Why Do Planes Crash?

A couple weeks ago I gave a presentation to my team, based on Malcolm Gladwell’s Outliers: The Story of Success. I focused on his analysis of mitigated speech (when we downplay or sugarcoat the meaning of what we say, usually out of deference to authority). Mitigated speech has been a key factor in numerous airplane crashes, when the crew did not voice safety concerns clearly enough to their captain.

Gladwell’s examples from black box recordings are astonishing. In many cases everyone in the cockpit except the captain knew the plane was in serious trouble, but even then wouldn’t speak up forcefully (typically the captains were good pilots, but were exhausted and weren’t picking up the hints from their crews). They’re powerful examples of the importance of being assertive, and just how hesitant most of us are even when it’s obviously vital to speak up. And my presentation was, I hope, more entertaining then some stereotypical HR assertiveness training class.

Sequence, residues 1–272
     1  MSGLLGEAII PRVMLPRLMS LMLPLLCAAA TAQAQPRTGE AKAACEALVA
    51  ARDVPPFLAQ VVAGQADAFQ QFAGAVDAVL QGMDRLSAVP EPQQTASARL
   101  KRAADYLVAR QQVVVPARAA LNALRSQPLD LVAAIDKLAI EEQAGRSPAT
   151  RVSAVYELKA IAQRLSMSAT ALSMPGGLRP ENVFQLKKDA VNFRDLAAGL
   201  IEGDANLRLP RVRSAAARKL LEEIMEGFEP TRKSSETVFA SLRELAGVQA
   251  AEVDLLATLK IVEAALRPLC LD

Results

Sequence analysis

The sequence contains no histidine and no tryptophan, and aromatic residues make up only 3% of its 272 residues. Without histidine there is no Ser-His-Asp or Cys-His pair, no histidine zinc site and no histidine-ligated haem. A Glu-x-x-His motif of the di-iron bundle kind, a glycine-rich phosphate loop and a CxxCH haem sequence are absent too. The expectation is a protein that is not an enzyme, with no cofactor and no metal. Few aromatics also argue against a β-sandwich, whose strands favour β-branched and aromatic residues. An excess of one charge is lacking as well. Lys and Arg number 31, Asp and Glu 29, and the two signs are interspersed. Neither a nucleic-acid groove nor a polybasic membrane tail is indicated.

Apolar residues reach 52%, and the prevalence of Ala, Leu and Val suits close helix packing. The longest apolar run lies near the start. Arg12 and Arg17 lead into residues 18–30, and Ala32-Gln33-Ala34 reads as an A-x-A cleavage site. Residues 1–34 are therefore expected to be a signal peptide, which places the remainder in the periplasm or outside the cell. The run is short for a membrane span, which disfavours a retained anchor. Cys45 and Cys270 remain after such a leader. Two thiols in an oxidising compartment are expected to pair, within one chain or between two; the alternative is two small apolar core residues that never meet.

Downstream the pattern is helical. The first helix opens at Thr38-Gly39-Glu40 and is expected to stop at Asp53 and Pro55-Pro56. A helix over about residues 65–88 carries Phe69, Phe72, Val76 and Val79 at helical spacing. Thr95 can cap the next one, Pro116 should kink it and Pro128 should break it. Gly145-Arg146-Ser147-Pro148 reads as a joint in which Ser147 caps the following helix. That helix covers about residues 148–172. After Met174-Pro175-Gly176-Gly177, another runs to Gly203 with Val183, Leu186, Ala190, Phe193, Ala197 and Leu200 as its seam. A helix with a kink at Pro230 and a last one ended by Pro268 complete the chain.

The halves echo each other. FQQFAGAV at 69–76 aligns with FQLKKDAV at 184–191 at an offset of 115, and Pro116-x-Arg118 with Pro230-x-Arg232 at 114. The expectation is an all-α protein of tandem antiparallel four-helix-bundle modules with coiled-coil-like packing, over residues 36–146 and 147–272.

The last couple slides show similar examples from The Clean Coder: A Code of Conduct for Professional Programmers, about the importance of saying no and not being passing aggressive.

Here are my slides (posted on SlideShare.net)

One thought on “Why Do Planes Crash?

  • And what do you recommend when your managers tell you that you need to mitigate your speech? (besides look for new managers).

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